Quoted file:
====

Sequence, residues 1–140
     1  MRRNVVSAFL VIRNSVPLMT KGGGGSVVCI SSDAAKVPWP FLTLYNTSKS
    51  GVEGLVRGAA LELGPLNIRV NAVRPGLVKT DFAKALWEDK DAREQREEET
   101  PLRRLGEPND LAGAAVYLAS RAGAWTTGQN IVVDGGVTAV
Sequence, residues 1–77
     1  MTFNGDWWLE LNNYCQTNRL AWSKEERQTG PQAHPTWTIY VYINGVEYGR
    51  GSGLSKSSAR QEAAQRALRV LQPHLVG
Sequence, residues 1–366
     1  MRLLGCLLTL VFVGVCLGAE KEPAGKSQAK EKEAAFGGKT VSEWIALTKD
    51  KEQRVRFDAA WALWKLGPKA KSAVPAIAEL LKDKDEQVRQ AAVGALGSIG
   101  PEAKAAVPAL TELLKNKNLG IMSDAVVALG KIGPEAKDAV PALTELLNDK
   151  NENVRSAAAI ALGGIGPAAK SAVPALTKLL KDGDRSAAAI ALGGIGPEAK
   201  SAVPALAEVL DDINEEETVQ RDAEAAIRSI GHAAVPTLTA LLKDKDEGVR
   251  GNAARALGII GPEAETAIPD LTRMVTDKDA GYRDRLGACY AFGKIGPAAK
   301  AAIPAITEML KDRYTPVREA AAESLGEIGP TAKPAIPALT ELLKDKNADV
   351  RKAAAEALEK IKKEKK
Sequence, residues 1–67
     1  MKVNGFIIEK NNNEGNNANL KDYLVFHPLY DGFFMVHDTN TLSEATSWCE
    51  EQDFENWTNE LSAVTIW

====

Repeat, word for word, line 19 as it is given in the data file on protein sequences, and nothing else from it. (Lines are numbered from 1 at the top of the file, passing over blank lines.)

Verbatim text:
    51  EQDFENWTNE LSAVTIW